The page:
Crowdsourcing health needs; do you treat your

We’ve all experienced this in one way or another; you’re on a Whatsapp group or Facebook page (usually one to which you have been added without your permission! :I ), minding your business, when someone comes and posts:

Hey guys, so the other day, I noticed **** in my body. What could it be? How can I manage it?

And suddenly, the whole space is filled with medical advice from all the undercover doctors!

This has never happened to you? Lucky you! It happened to me again just last week. Someone invited me to join an infertility group on Facebook. It is supposed to be a support group of some sort, and although I didn’t, posts from the group sometimes appear in my feed. The thing that caught my eye last week was this: a lady made a post about noticing a milky discharge from her breast. She asked could be the cause, and solicited treatment options. Her compadres did not disappoint – the doctors quickly separated into two categories – those that were sure that she had an infection, and a second group strenuously insisting that she was suffering from hormonal imbalance (they were likely right, she probably has elevated prolactin levels). A subset of the latter group went on to prescribe Parlodel to her; 2mg daily. And this was where I grew alarmed.

Parlodel is a brand name for Bromocriptine, which is indeed used to treat hyperprolactinaemia – a big word for elevated blood prolactin levels. However, before it is prescribed by a doctor, they usually request the patient to do a blood test to check how high the patient’s level is, and to check their liver and kidney function – these tests are repeated at regular intervals, throughout the period the patient is on the medication;  they usually start with a low dose and gradually increase, and they warn the patient not to stop suddenly – a real possibility because of the drug’s discomforting side effects, which may however cause a rebound and possible worsening of symptoms; . But here, we had these ‘well-meaning’ individuals prescribing without taking any of these precautions. One can only imagine the kind of troubles this individual might run into from following this kind of medical advice.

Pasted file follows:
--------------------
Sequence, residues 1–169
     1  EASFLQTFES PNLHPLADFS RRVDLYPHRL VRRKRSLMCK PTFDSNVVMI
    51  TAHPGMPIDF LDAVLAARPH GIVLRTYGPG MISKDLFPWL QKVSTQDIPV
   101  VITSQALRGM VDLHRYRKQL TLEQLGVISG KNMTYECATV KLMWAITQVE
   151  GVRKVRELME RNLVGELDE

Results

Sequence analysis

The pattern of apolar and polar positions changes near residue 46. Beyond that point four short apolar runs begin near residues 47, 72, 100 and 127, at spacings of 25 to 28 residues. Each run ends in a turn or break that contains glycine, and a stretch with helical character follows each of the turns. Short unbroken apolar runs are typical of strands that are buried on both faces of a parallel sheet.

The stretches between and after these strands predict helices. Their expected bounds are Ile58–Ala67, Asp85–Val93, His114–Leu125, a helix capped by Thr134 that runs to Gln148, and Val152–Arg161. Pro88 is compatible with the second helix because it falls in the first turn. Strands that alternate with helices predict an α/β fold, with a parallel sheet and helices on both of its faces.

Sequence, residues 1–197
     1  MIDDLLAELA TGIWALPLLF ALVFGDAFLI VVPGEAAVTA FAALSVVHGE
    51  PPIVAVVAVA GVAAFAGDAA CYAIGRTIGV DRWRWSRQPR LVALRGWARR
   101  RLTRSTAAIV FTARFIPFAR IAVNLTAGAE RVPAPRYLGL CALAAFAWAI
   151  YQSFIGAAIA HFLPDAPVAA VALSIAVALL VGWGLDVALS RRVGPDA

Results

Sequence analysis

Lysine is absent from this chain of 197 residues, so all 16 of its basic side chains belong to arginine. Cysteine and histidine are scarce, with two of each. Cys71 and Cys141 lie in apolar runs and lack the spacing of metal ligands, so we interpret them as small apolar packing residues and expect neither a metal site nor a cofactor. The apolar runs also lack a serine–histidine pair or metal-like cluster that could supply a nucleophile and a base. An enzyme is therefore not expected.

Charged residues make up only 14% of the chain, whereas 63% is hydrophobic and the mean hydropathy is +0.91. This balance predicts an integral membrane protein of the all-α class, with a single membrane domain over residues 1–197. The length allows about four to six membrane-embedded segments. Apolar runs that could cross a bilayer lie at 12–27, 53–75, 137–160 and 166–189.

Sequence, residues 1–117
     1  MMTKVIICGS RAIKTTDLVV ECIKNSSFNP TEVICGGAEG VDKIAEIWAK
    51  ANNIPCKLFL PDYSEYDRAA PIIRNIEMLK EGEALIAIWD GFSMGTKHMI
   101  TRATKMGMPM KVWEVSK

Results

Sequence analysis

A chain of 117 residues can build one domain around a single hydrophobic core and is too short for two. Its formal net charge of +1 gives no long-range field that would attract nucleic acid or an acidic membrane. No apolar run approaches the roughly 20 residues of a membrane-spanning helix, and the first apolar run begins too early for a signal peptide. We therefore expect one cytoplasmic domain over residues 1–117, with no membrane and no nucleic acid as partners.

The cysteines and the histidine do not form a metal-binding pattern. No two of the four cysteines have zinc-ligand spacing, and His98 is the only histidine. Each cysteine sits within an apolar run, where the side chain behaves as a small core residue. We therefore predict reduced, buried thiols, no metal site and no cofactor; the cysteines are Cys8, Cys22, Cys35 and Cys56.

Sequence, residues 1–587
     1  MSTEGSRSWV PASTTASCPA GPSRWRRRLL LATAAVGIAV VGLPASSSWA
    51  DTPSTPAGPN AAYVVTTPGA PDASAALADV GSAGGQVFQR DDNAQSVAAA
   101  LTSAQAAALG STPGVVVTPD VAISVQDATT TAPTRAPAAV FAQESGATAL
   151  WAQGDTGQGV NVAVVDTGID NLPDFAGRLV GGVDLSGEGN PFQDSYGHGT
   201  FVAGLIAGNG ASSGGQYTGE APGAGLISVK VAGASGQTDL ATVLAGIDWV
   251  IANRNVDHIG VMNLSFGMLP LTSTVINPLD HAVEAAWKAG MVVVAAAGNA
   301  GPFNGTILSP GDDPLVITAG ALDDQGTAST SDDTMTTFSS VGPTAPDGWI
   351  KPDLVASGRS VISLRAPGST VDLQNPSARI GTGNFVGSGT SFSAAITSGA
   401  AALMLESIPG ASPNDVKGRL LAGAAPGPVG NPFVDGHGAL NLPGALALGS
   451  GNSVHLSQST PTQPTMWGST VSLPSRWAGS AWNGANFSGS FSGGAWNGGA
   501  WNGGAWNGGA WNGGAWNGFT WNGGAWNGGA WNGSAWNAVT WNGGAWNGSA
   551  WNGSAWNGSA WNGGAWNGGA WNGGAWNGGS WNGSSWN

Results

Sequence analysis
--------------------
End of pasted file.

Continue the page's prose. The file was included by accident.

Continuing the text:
I know you’re thinking ‘this is extreme’, but engaging in this kind of behavior for ‘unserious’ conditions doesn’t make it better; a hypertensive ‘borrowing’ one or two tablets of antihypertensive from a friend, even when they are not on the same medication. And the one I find most interesting – borrowing other people’s glasses. When I was younger, I wore glasses for a while. At every visit to the optician, he would emphasize that I not lend anyone my classes or borrow another person’s own. The reasons are not far-fetched, if you think about it – apart from the calibration and power of the lenses being different, it would be very easy to transmit an eye infection from one person to another. Yet, this happens commonly, especially among older people. I would be sitting in a meeting, and when someone is asked to read, they would suddenly realize that they have left their glasses at home. They would quickly turn to their neighbor and say ‘lend me your glasses’ and the helpful neighbor would gladly do so.

I can only compare ‘crowdsourcing’ solutions to your medical problem to taking your faulty car for repairs to your neighbor who is a banker because you both have the same type of car, or he has had a similar problem in the past. Even if both cars were made on the same day and in exactly the same way, because you and your neighbor don’t drive exactly the same way, or service your cars at the same time, it is likely that they would not develop the same fault in the same way. If we can take good care of our cars, taking care to research the best mechanic to fix faults, I believe we owe it to our bodies to do the same.

Just imagine that your body is a car, driving your mind and spirit towards your goals!

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